Analysis of heavy metals found in PM2.5 in Valenzuela using energy dispersive x-ray fluorescence technology

Date of Publication


Document Type

Bachelor's Thesis

Degree Name

Bachelor of Science in Premed Physics


College of Science



Thesis Adviser

Ofelia Rempillo

Defense Panel Chair

Edgar Vallar

Defense Panel Member

Maria Cecilia D. Galvez

Gwen B. Castillon

Maria Carla F. Manzano


Particulate Matter (PM) 2.5 is known to have adverse effects in human health when people are exposed to it. PM2.5 may come from different sources such as industrial sources and traffic emissions. Valenzuela City, Philippines is established with many industries that may contribute to higher concentrations of heavy metals. For the past years, Valenzuela has also been studied for its accumulation of a specific heavy metal, Lead. This accumulation may not only result due to the emissions from industrial industries but also from traffic emissions. With the use of Energy Dispersive X-ray Fluorescence (EDXRF), 10 air samples, which were all collected in the EMB site located in Valenzuela, were analyzed for the presence of heavy metals. However, only 9 were used for the calculation of concentration of mass in air as samples 3 and 4 were treated as one sample. EDXRF was bound to detect 25 elements, specifically Phosphorus, Sulfur, Titanium, Manganese, Iron, Nickel, Copper, Zinc, Bromine, Strontium, Tin, Antimony, Barium, Neodymium, Sodium, Aluminum, Silicon, Chlorine, Potassium, Calcium, Arsenic, Zirconium, Iodine, Silver, and Lead. Moreover, in the analysis of the concentration in air of these elements, the exact flow rate of the TEOM was not provided by the EMB. The researchers decided to calculate the possible concentration of each elements in each sample if a range of flow rate was used. A range from 0.5 mL/min to 3.0 mL/min, with increments of 0.5 mL/min was used as these are the possible flow rates of the instrument. Almost all the measured concentration in air of the heavy metals were within the standards of safety levels of the Occupational Safety and Health Administration (OSHA) and World Health Organization (WHO), except for the concentration of Lead in sample 7 which exceeded the safety limit of WHO (0.50 ug/m3). For the rest of the analysis, concentration in mass off aerosol (ppm) of these elements were used. The element with the highest mass concentration for all samples is Sulfur (S) with a value of 90000 ppm followed by Iron (Fe) with 26000 ppm and Lead (Pb) with 10000 ppm. Of the heavy metals of interest, Arsenic (As) was detected with the highest concentration of 350 ppm. However, heavy metals Cadmium (Cd,) Chromium (Cr), and Mercury (Hg), were not detected by the EDXRF, thus, their concentrations were not obtained. Correlations between metals were also performed and it was found out that Fe and Cu had correlated with each other with R2 of 0.8474, Fe and Ni with R2 of 0.8577, Fe and I with R2 of 0.7245, Fe and Pb with R2 of 0.8394, Ni and Cu with R2 of 0.8553, Ni and Iodine with R2 of 0.7468, Ni and Pb with R2 of 0.7576, Cu and I with R2 of 0.7086, Cu and Pb with R2 of 0.6068, Zn and Sr with R2 of 0.9721. These data were used for further analysis of PCA. Results in PCA indicated that the possible sources of Lead along with the elements that have correlated with it, are from anthropogenic sources such as plastic and metal productions, gas stations and battery manufacturing present in the South East direction relative to the EMB site in Valenzuela. Cu and Ni was found to have a great correlation with each other based from the dendogram. Hence, the anthropogenic source of these elements may be from gas stations and battery production.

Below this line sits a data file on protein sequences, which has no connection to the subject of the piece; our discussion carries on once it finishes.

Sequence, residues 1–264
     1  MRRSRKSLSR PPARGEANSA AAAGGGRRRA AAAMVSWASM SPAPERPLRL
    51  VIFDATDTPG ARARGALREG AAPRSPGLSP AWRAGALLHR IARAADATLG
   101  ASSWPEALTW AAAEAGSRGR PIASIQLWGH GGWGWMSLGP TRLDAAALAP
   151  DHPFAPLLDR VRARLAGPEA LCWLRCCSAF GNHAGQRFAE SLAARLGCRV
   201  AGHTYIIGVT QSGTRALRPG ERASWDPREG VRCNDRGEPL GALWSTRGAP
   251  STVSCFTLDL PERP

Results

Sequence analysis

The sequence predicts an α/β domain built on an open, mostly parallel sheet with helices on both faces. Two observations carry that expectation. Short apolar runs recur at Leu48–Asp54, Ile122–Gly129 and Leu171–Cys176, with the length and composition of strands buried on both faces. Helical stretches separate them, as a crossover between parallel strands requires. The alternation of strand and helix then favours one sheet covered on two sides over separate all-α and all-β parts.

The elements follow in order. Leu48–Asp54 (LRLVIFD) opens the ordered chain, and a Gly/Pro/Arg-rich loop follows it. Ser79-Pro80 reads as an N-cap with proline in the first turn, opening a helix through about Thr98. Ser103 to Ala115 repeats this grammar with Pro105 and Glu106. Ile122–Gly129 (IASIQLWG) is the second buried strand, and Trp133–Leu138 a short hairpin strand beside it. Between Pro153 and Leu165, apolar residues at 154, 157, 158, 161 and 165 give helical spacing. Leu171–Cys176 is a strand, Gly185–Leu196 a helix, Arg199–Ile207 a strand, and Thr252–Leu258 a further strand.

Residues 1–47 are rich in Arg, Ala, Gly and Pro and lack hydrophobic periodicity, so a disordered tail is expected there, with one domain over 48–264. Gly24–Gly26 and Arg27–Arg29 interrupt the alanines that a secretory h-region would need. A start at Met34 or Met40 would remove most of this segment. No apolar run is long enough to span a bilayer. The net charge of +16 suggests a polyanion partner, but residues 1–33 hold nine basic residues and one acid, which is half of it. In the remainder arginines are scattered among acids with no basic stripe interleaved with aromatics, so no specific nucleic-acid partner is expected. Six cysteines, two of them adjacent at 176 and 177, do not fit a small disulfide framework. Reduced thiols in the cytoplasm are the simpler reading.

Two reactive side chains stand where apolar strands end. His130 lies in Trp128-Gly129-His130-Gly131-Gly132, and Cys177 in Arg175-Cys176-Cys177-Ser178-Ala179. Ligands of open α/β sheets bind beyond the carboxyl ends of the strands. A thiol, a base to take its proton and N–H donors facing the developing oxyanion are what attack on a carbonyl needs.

Abstract Format






Accession Number


Shelf Location

Archives, The Learning Commons, 12F, Henry Sy Sr. Hall

Physical Description

xxviii, 106 leaves : illustrations (some color) ; 28 cm. + 1 computer disc ; 4 3/4 in.


Atmospheric aerosols; Air--Pollution; Air quality management

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